Stack Overflow is a community of 4.7 million programmers, just like you, helping each other.

Join them; it only takes a minute:

Sign up
Join the Stack Overflow community to:
  1. Ask programming questions
  2. Answer and help your peers
  3. Get recognized for your expertise

Feature detection is generally preferred over browser sniffing. What should I do in a case where certain browsers "support" the features I'm using but have javascript runtimes that are too slow?

I'm using the d3 library for some complicated visualizations. The visualization is very smooth in chrome / firefox, acceptable in IE9, and slow yet working in IE8. I'd like to display a banner to IE8 users telling them to upgrade and a notice banner to IE9 users that it would be faster in chrome or FF. Is it bad to do this via user agent sniffing?

share|improve this question
you could ask them to use chromeframe, for starters: – PlantTheIdea Mar 5 '13 at 21:46
Good point; it'd be worth including that link in the banner. Doesn't solve my problem of when to show the banner (unless I just show it to everyone using any version of IE, which seems a little heavy-handed) – spike Mar 5 '13 at 21:48
oh it wasn't intended to solve the problem, it would just reduce the potential number of people that would encounter it to begin with. and i show it to everyone using IE on my sites, they don't seem to mind. better than using IE8's Javascript renderer. :) – PlantTheIdea Mar 5 '13 at 21:49
What is 'fast enough'? And why is IE8 not fast enough? If something is slow on your computer, it still could be fast on mine. You don't know what system I have. – Arjan Mar 5 '13 at 21:53
@LifeInTheGrey, I'm curious. What do you mean by, and how do you measure, "they don't seem to mind"? I tend to think that such an intrusive warning must affect the user experience. – Bruno Reis Mar 5 '13 at 22:00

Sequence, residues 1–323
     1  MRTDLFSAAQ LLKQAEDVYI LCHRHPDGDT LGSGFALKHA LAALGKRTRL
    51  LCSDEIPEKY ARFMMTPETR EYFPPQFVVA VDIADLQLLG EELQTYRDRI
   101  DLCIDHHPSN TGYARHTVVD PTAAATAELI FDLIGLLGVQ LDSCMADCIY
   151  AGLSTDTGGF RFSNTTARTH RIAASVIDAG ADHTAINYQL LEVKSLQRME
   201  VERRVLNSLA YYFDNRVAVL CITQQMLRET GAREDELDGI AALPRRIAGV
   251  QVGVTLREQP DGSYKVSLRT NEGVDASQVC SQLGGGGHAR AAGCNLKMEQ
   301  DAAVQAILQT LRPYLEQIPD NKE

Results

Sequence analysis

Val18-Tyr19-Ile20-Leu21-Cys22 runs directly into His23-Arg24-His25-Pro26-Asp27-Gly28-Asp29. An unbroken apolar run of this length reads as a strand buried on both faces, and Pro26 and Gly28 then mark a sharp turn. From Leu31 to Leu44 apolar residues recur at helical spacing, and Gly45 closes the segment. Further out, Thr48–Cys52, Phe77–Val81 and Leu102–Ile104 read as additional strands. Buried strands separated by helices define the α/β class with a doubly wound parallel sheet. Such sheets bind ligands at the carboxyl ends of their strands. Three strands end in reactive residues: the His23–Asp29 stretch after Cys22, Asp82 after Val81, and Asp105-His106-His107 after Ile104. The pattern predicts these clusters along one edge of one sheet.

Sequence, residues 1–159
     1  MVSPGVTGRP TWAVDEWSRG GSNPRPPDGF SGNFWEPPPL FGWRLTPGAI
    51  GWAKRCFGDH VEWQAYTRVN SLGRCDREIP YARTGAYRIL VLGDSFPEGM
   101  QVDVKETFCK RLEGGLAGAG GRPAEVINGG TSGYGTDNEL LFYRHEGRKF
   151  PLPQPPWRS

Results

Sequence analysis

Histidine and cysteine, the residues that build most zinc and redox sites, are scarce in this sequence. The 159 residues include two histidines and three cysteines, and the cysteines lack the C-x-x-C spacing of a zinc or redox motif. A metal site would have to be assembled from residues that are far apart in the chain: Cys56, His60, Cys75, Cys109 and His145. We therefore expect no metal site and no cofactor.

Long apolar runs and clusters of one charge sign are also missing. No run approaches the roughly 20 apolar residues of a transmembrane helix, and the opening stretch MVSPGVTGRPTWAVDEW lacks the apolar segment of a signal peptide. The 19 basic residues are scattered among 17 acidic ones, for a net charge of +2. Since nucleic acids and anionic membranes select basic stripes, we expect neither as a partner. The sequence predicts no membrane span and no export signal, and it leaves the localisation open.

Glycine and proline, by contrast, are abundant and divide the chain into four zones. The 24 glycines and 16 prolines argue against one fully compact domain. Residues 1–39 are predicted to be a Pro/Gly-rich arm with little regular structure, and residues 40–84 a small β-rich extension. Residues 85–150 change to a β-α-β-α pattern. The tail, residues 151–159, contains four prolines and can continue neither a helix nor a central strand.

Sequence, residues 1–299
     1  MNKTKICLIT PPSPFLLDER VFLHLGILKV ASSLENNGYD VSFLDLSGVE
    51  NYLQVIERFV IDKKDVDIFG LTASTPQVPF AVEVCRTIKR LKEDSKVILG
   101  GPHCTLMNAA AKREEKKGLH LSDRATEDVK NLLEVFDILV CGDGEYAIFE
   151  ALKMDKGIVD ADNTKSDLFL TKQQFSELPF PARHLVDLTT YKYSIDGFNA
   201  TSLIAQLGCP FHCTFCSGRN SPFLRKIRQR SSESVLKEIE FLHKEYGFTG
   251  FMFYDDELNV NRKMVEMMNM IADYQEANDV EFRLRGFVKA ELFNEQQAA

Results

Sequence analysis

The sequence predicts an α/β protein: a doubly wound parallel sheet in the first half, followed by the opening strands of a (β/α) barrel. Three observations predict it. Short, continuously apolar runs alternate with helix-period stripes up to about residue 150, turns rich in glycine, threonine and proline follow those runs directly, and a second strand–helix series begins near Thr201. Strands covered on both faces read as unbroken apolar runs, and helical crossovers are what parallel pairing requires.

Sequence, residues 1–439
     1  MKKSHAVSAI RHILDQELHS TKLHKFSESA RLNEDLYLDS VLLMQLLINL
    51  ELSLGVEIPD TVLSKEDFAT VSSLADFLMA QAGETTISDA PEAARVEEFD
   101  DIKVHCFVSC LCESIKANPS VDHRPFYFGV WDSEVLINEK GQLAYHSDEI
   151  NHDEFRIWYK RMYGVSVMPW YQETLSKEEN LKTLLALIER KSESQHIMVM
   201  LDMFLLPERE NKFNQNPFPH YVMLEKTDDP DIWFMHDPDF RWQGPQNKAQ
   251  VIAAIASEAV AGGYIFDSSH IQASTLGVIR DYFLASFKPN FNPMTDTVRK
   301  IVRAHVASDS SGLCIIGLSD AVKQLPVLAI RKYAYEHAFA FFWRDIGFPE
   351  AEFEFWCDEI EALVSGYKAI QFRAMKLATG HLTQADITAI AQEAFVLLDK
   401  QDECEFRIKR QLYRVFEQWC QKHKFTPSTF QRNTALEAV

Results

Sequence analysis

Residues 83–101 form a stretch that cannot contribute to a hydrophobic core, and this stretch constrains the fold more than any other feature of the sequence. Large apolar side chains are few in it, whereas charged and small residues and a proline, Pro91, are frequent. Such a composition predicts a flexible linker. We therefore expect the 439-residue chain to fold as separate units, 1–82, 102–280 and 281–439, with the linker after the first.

up vote 1 down vote accepted

Why not measuring the time that the browser takes to compute something complex, similar to what you want to do, and set a threshold time for it?

function detectBrowserSpeed(){

    var i,
        slowThreshold = 100; // milliseconds
        startMillis = + new Date(); //The + is to 'force' casting to an integer representing EPOCH milliseconds. If + is ommited, then I get an instance of Date.

    //Do something complex here:
    for (i=0;i<100000;i+=0.1){


    var elapsed = (+ new Date()) - startMillis;
    if(elapsed > slowThreshold){
        return 'slow';
        return 'fast'; 

share|improve this answer
This is really interesting. Time the visualization render and compare it to some acceptable threshold. I'll give it a shot. – spike Mar 5 '13 at 22:06
Can you add a comment for the + in startMillis = + new Date()? – spike Mar 5 '13 at 22:07
I could have ommited the + in the + new Date(), in both occurrences, but the idea is to be explicit that I am operating on milliseconds. – DanC Mar 5 '13 at 22:12
this is working pretty nicely. We're fading in a little "your browser is running slowly, think about upgrading" banner if render times go above 1000ms. – spike Mar 6 '13 at 15:21

Your Answer


By posting your answer, you agree to the privacy policy and terms of service.

Not the answer you're looking for? Browse other questions tagged or ask your own question.